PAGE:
"I had the one thing you need to be a blues singer," Lightnin' used to say. "I was born with the blues."
The songs he created – "barrelhouse," he called them – were as sorrowful as a cottonfield holler and as earthy as the Texas bottomlands that swallowed his sweat.
"You know the blues come out of the field, baby," Lightnin' said. "That's when you bend down, pickin' that cotton, and sing, 'Oh, Lord, please help me.'"
Scars on his hands and ankles testified to stints on the chain gang and long days of driving mules and chopping cotton. But Lightnin' was indomitable, and, like Lead Belly and Muddy Waters and other great blues guitar players, he played his way to better circumstances, parlaying his anger and pain into tough, deeply felt music.
"The blues is a lot like church," Hopkins explained. "When a preacher's up there preachin' the Bible, he's honest to God trying to get you to understand these things. Well, singing the blues is the same thing."
Sage, scoundrel and natural-born storyteller, Sam "Lightnin'" Hopkins had a genius for improvised poetry, creating new verses or entire songs as the spirit moved him. He could sing about hairstyles, being broke, how his car was doing, goings-on in the club where he was performing, or the way things used to be. He damn near sang "Po' Sam" into an everyman of the blues.
Lightnin' was a supremely confident guitarist, keeping time with his left leg while swinging hard or traveling downhome. He often played a Gibson J-50 outfitted with a DeArmond soundhole pickup, and he also performed and recorded with a small Harmony flat-top and a Fender Stratocaster.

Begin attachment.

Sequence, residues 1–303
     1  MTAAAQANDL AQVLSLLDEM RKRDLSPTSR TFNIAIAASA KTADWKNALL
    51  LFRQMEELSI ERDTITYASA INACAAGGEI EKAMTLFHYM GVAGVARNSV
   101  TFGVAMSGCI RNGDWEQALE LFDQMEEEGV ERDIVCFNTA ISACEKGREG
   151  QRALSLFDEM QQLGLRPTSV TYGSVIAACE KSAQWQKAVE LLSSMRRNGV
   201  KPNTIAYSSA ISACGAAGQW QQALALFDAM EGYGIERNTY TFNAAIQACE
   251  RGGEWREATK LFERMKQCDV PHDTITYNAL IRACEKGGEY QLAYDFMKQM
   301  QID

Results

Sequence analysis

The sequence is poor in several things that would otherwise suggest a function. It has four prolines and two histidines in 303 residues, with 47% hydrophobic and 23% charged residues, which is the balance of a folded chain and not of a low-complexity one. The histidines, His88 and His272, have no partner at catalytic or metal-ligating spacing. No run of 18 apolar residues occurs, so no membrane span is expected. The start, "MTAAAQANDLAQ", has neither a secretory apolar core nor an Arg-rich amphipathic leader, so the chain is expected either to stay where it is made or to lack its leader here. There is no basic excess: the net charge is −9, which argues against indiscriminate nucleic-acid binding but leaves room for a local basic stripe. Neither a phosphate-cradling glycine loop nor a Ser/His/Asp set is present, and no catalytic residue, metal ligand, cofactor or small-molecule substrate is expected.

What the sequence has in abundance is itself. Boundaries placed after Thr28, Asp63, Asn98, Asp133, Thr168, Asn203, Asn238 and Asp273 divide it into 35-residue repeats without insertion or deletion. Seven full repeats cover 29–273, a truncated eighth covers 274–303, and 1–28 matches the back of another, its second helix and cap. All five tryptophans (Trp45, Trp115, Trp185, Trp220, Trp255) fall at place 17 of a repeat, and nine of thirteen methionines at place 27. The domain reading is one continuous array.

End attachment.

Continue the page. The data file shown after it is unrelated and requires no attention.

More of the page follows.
Resting his pinkie and ring finger on the face of his guitar, Lightnin' played bass and rhythm with his thumbpick while plucking solos with his bare index finger. He thrived on first-position shuffles, especially in the key of E with the fat A7 chord with the high G.
"One of the most distinctive elements of the Lightnin' sound is that turnaround in E," observes ZZ Top's Billy Gibbons. "It's a signature lick that he did in just about every song he played. He'd come down from the B chord and roll across the top three strings in the last two bars.
“He'd pull the pick off those strings to get kind of a staccato effect, first hitting the little open-E string and then the 3rd fret on the B string and then the 4th fret of the G string. He would then resolve on the V chord after doing this roll. It's a way to immediately identify a Lightnin' Hopkins tune."
"Lightnin' change when Lightnin' want to change"